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Convert Ansible playbooks for AMI creation into EC2 Image Builder component documents

In this post, I will show you how to automate the conversion of Ansible playbooks into EC2 Image Builder components. Automating this conversion is useful for migrations to EC2 Image Builder, where the amount of Ansible playbooks is considerable and manually creating an equivalent AWS Task Orchestrator and Executor (AWSTOE) component for each playbook becomes a time-consuming and error-prone task.

Some years ago, as a DevOps Engineer, I had written all the Windows Ansible playbooks for an Amazon Machine Image (AMI) image pipeline and the Packer template to orchestrate the images creation. This year, I migrated that solution to EC2 Image Builder and noticed that I spent most of my time on converting my playbooks into components. By automating this conversion process, I was able to avoid manual code changing, minimize mistakes, save time, and complete my migration faster. Migrating my original implementation with Packer and Ansible to EC2 Image Builder required two steps:

The second step is the focus of this blog post. As an example, I use a playbook that hardens a Windows Server 2022 AMI using the Microsoft security baseline. Although the commands I present are for Windows, you may adapt them to Linux environments as well.

Solution overview

A Python script reads an Ansible playbook YAML file, loads it as a Python dictionary, modifies it, and exports the equivalent AWSTOE component YAML file. This output file is used to create an AWSTOE component in EC2 Image Builder.


  • Basic knowledge of Ansible, EC2 Image Builder, and Python development
  • Programmatic access to an AWS account with permissions to write buckets and objects to Amazon S3 and create components on EC2 Image Builder
  • Python 3.9+
  • A code editor. In this post, I will use Visual Studio Code.

Solution walk-through

Follow these steps:

  • Step 1: Create an Ansible playbook
  • Step 2: Define the YAML component document structure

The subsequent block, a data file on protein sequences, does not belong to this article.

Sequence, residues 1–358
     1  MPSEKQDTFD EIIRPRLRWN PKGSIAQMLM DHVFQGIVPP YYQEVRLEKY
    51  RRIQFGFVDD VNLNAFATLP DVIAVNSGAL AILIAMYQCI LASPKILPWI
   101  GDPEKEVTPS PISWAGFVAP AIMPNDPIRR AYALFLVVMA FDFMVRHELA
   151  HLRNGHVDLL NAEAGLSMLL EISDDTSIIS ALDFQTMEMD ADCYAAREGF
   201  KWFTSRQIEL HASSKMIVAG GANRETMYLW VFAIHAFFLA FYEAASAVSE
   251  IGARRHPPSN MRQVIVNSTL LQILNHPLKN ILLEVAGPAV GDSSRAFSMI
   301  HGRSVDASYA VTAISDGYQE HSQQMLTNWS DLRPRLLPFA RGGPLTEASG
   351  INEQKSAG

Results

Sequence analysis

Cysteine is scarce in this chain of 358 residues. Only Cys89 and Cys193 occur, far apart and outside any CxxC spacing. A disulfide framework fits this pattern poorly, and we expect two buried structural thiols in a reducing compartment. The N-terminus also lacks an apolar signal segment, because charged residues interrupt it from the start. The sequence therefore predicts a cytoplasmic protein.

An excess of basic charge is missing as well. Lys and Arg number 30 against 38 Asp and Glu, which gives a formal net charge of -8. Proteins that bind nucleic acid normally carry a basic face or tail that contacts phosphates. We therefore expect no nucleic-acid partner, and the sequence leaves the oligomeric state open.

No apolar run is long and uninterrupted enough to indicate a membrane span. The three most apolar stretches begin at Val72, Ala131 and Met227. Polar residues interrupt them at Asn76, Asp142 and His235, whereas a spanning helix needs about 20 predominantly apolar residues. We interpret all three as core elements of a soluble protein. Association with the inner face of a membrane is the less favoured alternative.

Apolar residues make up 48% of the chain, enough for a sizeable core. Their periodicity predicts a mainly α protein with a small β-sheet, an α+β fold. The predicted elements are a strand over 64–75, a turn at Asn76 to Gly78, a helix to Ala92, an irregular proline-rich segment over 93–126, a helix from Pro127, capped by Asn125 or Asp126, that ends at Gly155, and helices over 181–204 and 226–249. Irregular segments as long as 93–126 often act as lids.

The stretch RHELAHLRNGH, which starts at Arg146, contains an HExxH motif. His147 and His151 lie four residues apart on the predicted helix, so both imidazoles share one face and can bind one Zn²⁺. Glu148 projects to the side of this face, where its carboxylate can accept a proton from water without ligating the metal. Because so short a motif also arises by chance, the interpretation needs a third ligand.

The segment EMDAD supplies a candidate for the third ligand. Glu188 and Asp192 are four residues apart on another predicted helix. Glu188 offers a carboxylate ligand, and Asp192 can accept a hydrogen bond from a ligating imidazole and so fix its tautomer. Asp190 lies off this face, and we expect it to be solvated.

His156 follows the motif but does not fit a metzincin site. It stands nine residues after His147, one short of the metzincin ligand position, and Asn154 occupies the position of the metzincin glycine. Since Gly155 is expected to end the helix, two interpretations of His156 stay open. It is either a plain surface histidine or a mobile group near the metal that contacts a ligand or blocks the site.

• Step 3: Map Ansible modules and parameters to AWSTOE actions and input variables
  • Step 4: Create the Python script
  • Step 5: Add the validate and test phases, then export the YAML file
  • Step 6: Execute Python script
  • Step 7: Create an EC2 Image Builder component

Step 1: Create an Ansible playbook

First, create an Ansible playbook. This is a YAML file composed of a sequence of tasks that apply a configuration. Tasks use modules to execute pre-defined actions on a target operating system.

  1. Open Visual Studio Code and create a new file with the name playbook.yml.
  2. Paste the following code into the file.
- name: Create Microsoft Security Baseline directory
      path: C:\Installers\MicrosoftBaseline\
      state: directory
- name: Copy Microsoft Security Baseline Files
      dest: C:/Installers/MicrosoftBaseline/
- name: Unzip Custom GPO
      src: C:/Installers/MicrosoftBaseline/
      dest: C:/Installers/MicrosoftBaseline/
- name: Apply Microsoft Security Baseline
    win_shell: C:\Installers\MicrosoftBaseline\Windows-Server-2022-Security-Baseline-FINAL\Scripts\Baseline-LocalInstall.ps1 -WSNonDomainJoined

To install the Microsoft security baseline, this playbook performs the following basic tasks:

  • Creates a Folder
  • Copies a file
  • Unzips the file
  • Executes a script

Many playbooks follow the same structure, so this approach can work for other use cases, too.

Step 2: Define the YAML component document structure